EXCLUSIVE: 1960 Willys Pickup Project

Update 4/8/2019 – We have dropped the price on this Willys Pickup to $3K. There’s been lots of interest but no one who has called has actually shown up! Perhaps the lower price will entice more action by buyers to check out the Willys in person and take this one home.

As some of you likely know, I am helping to clear out a large collection of salvage and project vehicles from a private owner. You can read more about the collection here. As we move ahead with the process, I’ll be listing some of the more interesting cars individually, which will also help readers see more info about specific vehicles they may be interested in. Be sure to read the original post about the collection. This listing is for a 1960 Willys pickup project that isn’t currently running but was running when parked. 

What Makes it Special? I’m sure the patina police will crucify me, but it’s hard to deny this thing isn’t oozing with reminders of its bushwhacking past. The suspension or body has clearly been lifted a bit over stock, and it just looks like the kind of rig you should get running, clean up the interior, and leave the rest as-is.

Body Condition: Obviously, if you want perfect paint, you should just keep walking. But the body isn’t all that rusty, with mostly surface rust to contend with and some rot-through in the rear fenders and the sides of the bed. The floors and frame are believed to be solid. This is the last year of the split windshield design as well.

Mechanical Condition: The Willys is not currently running and the seller confirms the brakes will need work. The original motor was lost years ago and the current powerplant is a Buick six-cylinder transplanted in from a 1980s model. The seller does not know more about than this, but it does still turn freely and was running when parked.

This Willys will require a fair amount of work to restore, but you could also just sort the mechanical bits and drive it Mad Max style. With summer offroading season coming, doesn’t everyone need a truck to play on the trails with? And when winter comes, bolt a plow on the front end to make some money with your 4×4 project, with no concerns for damaging the weathered paint. Give me a yell if you’d like to check it out in person.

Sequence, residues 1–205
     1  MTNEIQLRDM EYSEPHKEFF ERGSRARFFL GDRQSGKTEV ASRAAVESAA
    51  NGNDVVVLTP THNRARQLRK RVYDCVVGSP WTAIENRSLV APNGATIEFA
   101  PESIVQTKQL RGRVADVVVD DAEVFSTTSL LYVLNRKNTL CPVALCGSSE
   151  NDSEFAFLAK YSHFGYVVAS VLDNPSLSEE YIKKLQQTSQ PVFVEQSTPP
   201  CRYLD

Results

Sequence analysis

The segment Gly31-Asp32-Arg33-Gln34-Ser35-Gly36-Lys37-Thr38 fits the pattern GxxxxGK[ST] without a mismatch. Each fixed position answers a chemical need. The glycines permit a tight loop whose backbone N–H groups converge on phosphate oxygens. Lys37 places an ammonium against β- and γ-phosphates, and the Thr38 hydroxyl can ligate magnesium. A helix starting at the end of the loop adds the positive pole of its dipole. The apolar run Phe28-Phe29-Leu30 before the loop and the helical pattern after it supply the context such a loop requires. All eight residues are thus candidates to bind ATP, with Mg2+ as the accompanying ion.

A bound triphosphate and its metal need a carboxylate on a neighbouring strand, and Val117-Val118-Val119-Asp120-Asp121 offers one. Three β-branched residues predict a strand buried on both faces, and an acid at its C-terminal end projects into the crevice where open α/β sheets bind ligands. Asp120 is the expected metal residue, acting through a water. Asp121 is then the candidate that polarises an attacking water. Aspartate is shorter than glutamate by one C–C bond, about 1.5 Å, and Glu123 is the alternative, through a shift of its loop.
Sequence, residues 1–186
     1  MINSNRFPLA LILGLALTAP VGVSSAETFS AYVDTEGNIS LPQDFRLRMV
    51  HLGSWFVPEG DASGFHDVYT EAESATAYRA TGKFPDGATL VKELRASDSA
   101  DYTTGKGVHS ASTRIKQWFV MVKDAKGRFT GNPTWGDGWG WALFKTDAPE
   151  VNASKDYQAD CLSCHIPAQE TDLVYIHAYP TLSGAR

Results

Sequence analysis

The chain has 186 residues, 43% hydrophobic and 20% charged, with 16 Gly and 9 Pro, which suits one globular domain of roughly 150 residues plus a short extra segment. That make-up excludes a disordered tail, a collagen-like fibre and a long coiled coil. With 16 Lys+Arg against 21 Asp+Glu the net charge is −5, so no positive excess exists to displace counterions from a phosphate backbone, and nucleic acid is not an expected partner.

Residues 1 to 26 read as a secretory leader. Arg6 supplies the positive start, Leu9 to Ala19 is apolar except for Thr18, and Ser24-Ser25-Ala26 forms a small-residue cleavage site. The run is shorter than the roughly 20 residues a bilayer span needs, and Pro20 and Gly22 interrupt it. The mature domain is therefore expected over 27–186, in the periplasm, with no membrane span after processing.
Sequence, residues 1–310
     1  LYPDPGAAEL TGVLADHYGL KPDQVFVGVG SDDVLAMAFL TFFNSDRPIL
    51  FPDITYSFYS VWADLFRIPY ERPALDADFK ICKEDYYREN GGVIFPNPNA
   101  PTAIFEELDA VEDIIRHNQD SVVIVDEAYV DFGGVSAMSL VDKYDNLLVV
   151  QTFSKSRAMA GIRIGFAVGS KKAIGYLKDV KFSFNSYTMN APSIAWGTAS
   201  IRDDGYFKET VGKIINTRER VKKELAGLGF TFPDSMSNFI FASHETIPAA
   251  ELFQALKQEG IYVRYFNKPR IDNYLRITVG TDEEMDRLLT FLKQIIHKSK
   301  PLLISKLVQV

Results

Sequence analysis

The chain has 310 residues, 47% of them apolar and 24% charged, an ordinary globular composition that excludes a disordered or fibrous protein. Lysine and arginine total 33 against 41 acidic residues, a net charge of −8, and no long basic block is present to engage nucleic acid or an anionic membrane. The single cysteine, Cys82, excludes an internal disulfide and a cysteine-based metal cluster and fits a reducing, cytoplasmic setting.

• Price: $4,000
  • Location: Northwest Georgia
  • Mileage: TMU
  • Title Status: Bill of sale only

Contact The Seller

Do you have a low mileage survivor parked in your garage, shed or barn? Does it need a new home? Please consider listing it here on Barn Finds!

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Comments

  1. Jimmy

    If I was younger and ambitious I would probably take on a project like this because I hate to see old trucks waste away. I would get all mechanicals sorted out and make a nice interior not fancy but nice and then do the body in to a driver not a show vehicle because I would use it as intended.

  2. Bob C.

    The engine should be the 226 Continental flathead six. I believe it saw many uses into the 70’s in forklifts, air compressors, etc.

    • Dave Wright

      I have owned and worked on many vintage Jeeps and Continental engines in equipment and marine application. Jeeps built there own flathead (F head, overhead valve and cam) engines until the 60’s with the exception of the Perkins diesel applications. The designes are similar but the parts do not interchange (like a Chev and Ford V8) (maby a carb?) I have even had factory Jeep engine powered generators and pumps. The Continental engines are much higher quality with heavier forged components, larger and more numerous bearing surfaces and better oiling systems. Contential made and sold many engines for different vehicles and industries and Jeep sold there’s as industrial engines as well but not as commonly as either Hercules (another industrial engine manufacturer). Or Continental. The Contintal engines normally had 4 or 5 main bearings and the Jeeps had 3 or 4. I like these old trucks, there cab narrowness and tall center grill remind me of an old Kenworth semi. You Can easily roll down the passenger window from the driver’s seat. We still have many operating on ranches here in the west. They use gears to accomplish what we do with power today. Slow and steady.

      • Dave Wright

        I just found a reference to a “super” engine being from Continental……….so my post may only apply to some later 6 cyl engines. I will have to study it further. Even the Toranado OHC engines were made by Jeep (Willy’s) but the V6 used in some civilian products was sourced from GM.

  3. Dirtymax